Looking for the best places to stay in Costa Rica? We took a nice road trip around the country and checked out various types of accommodations. Boutique hotels, all-inclusive resorts, villas, eco-lodges, and treehouses – Costa Rica has it all! Choosing a place to stay truly comes down to what you want out of your vacation and the price you are willing to spend. Keep in mind there are thousands of Airbnb’s in Costa Rica so staying in someone else’s home is also a great option.
We stayed at just about every price point of accommodation other than hostels. Price points vary a lot by location. For example, a nice hotel in Guanacaste may cost double what it does on the central Pacific Coast because it is one of the more popular areas to stay. Then you have the off-grid properties that can demand a higher payment given they have may have higher costs. Keep in mind that activities and food options offered by many providers. If you’re looking to kick back in Costa Rica you may want an all-inclusive experience rather than a place you have to pay per meal.
Best Places to Stay in Costa Rica
Three Sixty Boutique Hotel, Ojochal
For the best views in all of Costa Rica, or perhaps the best in the world you have to stop by Hotel Three Sixty. Set on top of a hill in the middle of the rainforest the ultra-modern boutique hotel features exposed beams, a massive pool with 360-degree views of the ocean and jungle, and luxurious rooms with fine linen and high def Bluetooth speakers. In our opinion it’s one of the best places to stay in Costa Rica for couples as it’s secluded and romantic. Hotel Three Sixty is part of the Small Luxury Hotel group and for good reason.
It’s definitely intimate and luxurious and the rooms are among the most comfortable we stayed in Costa Rica. Featuring high-speed WiFi, a television, king size plush beds, bathrobes, and amazing balconies. Being the highest establishment around you can bet you get both sunrise and sunset here. We visited in the offseason but were told that when it’s busy people come from the whole area to watch the sunset over the ocean from the outdoor bar. Rates start at $350 a night.
Lapa Rios, Osa Peninsula
Lapa Rios is one of the pioneers of ecotourism in Costa Rica and likely one of the most famous lodges in the country. It’s one of the best places to stay in Costa Rica for families. It’s located in the Osa Peninsula and considered one of the most biodiverse locations in the world. All the rooms here have outdoor showers, private decks with fantastic views, and screen walls allowing for the sounds of nature to enter the room. This isn’t the place you come if you want air conditioning and televisions. Rather Lapa Rios is a sanctuary for nature lovers who want to immerse themselves into the Costa Rican jungle.
This property is part of the well reputed Cayuga Collection. They have some of the best guides in the country work here and there are all kinds of tours to fit everyone’s needs. We personally spent our two days here on night walks scouting rare frogs, sunrise bird watching, waterfall trekking, and guided hikes to see the howler monkeys. On some days yoga is offered and they often have local vendors come in to share their crafts. Or you can chill at the pool all day and get full on watermelon juice. Whatever activity you choose will be unique and remind you of why you came to Costa Rica in the first place. All food and activities are all-inclusive. Rates start at $800 a night.
Latitude 10 Resort, Santa Teresa
Wondering where to stay in Costa Rica on the beach? Latitude 10 is another property managed by the Cayuga Collection. This little beach lodge in Santa Teresa may have the most beautiful spot on the entire beach. It’s a collection of open-air casitas scattered throughout the lush seaside forest. The location is serene and peaceful away from any noise experienced in the main town. It’s the perfect place to come if you truly want a barefoot beach vacation and get back to nature while reading your favorite book in a hammock.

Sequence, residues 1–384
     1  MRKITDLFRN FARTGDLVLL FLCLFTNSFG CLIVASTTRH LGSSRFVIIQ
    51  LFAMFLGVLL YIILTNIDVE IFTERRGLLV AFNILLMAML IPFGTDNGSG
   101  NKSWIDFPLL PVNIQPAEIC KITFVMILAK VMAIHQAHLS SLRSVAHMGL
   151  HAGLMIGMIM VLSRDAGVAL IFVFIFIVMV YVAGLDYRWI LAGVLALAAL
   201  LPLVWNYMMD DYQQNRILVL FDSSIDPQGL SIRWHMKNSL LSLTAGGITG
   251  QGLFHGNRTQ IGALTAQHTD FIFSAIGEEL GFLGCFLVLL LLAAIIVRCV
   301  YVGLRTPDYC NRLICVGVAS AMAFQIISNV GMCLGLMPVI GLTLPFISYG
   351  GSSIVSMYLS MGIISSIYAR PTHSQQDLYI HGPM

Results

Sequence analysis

The Latitude 10 staff engage guests in daily activities like cocktail classes and ceviche making. The location also can get you hooked up with some surfing lessons or a private yoga sesh. We loved the morning yoga class on the beach and breakfast overlooking the ocean. Rates here start at $225 a night, breakfast included.
Finca Bellavista, Piedras Blancas
Finca Bellavista is one of the most unique and coolest places to stay in Costa Rica. This eco-community is set in the middle of the Costa Rican jungle along the Pacific Coast. It’s a stunning track of secondary and primary forest with a network of hiking trails to explore on your own. Rooms here come in the form of treehouses spread throughout the forest, some an hour plus hike from the main lodge so make sure you book accordingly.
The whole community is off the grid and runs on solar power. Guests should be prepared to be pretty self-sufficient when visiting although there is a main kitchen dishing up tasty Costa Rican classics for those who don’t want to cook. With a down to earth vibe, it attracts a clientele in search of a digital detox and good conversation. Treehouses start at $100 a night, food not included but you will have access to their amazing grounds and hiking.
Casitas Tenorio, Bijagua
A collection of casitas spread among a hamlet of a primary rainforest. The bed and breakfast is family run and very active in the rural community. We loved the rooms, murals, and the location of Casitas Tenorio. As soon as I walked into our adorable casita I told Cameron that this is what I wanted my house to look like.
There are only a select number of casitas making the experience very quiet. There’s no WiFi or television here, but there are great views over the jungle so make sure to bring a book and a yoga mat and enjoy the serenity. The beautiful little property is also home to a few sloths and tons of birds which the owner Donald was kind enough to show us on a short tour. Make sure to get up early in the morning to take part in their farm tour! Rates start at $120 a night, breakfast included.
Villa Beuna Onda, Guanacaste
Villa Buena Onda is an all-inclusive adult-only villa that sits high above Playa Hermosa in Guanacaste. There are only eight rooms in this large villa so the setting is intimate and private. It’s perfect for honeymooners or adult family getaways. The pool and swim up bar provide stunning sunsets over the coastline.